Indeed, the use of PRS in estimating cancer risk is becoming more widely accepted, with large studies such as the Million Veterans Study finding PRS related to prostate cancer and Myriad Genetics including PRS in its breast cancer test.
With any PRS, a challenge exists in how scores are reported to patients, particularly regarding the difference between relative and absolute risk. Relative risk compares an individual's score to a population average, whereas absolute risk seeks to measure the likelihood of someone acquiring an illness. These two values can differ significantly, with a large relative risk sometimes translating to a very small absolute risk.
"Currently, we do not provide an absolute risk score," Hamzic said, adding that BioCertica is developing its products iteratively and in phases. "Our long-term goal is to expand and improve the current PRS offering as we go."
Another issue with PRS is the underrepresentation of people with non-European genetic backgrounds in genome-wide association studies (GWAS), which may be particularly relevant for a company like BioCertica that serves customers in Africa. For example, individuals of African ancestry currently account for an estimated 2.4 percent of records in the NHGRI-EBI GWAS Catalog, one of the most complete records of published GWAS to date.
BioCertica maintains that it uses the most diverse datasets available, obtaining its PRS from the PGS Catalogue, a database of peer-reviewed polygenic scores curated by the University of Cambridge, where each PRS links to the studies in which they were published. Metadata specific to each PRS in the database, including ancestry composition for the populations used to build and validate each score, can be accessed programmatically through the resource's REST API.
Furthermore, Hamzic commented that BioCertica is building its own database from user information, which will contain both phenotypic and genotype information specific for South Africa. "That can be used for building our own PRS scores in the future," he said.
BioCertica's tests are currently marketed to South Africa's middle class, although van Wyk said he expects to be able to make them more affordable to lower-income people as the company scales up. The kits currently cost 2,399 rand ($157).
South Africa's middle class remains predominantly White, with Black South Africans comprising roughly a quarter. Black South Africans, along with people of Indian and Asian descent, and others make up slightly under half of the middle class.
Van Wyk estimated that the firm has sold roughly 2,500 tests in South Africa within a 20-month period, "but we didn't want to sell [them] too fast because there were scalability issues that we needed to sort out," and because the firm wanted to be able to respond to user feedback.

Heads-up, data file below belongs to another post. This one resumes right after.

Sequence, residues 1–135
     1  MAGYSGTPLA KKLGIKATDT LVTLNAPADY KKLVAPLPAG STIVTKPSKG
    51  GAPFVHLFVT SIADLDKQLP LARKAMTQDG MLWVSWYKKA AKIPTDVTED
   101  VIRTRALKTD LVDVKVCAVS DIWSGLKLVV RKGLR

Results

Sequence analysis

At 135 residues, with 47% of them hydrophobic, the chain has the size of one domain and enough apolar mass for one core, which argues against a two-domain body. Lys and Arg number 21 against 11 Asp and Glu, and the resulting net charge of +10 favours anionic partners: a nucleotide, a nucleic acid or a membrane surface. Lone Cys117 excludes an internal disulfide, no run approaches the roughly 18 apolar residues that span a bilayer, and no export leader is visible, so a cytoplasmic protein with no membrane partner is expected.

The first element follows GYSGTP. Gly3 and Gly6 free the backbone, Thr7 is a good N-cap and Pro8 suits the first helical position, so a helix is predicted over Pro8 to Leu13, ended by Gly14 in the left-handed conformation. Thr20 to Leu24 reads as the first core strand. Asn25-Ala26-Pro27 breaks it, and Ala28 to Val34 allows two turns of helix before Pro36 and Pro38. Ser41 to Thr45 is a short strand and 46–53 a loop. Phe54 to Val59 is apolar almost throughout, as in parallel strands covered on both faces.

According to the company's website, all samples are tested by the Central Analytics Facilities (CAF) DNA Sequencing Unit at the University of Stellenbosch. Testing is currently done on a Thermo Fisher PMDA Plus microarray, although the firm is exploring next-generation sequencing solutions.
The lab is not currently accredited but is working toward meeting ISO standard 17025:2017, specifying general requirements for competence, impartiality, and consistent lab operations. Although the firm did not have an estimate of when accreditation might come, van Wyk argued that the issue is not a problem within South Africa's current regulatory framework and that BioCertica has an internal quality control program in place.
Through its Practitioners Portal, BioCertica also maintains a network of clinicians that it plans to increase over the coming year. It has an accreditation process in place for bringing practitioners into this network, meant to ensure that they know how to interpret and communicate PRS.
The company makes no money from consultation sessions conducted by its in-network clinicians but does charge a data handling fee, paid by the requesting party, which is usually a physician.
BioCertica also has a test reselling agreement in place for those practitioners wishing to sell the company's products. In-network physicians can purchase tests at a "practitioner's rate" and resell them at their own price.
"It is important to note that we do not set the reselling price," van Wyk said. "However, we do indicate a recommended retail price, in keeping with the Health Care Professions Council of South Africa guidelines."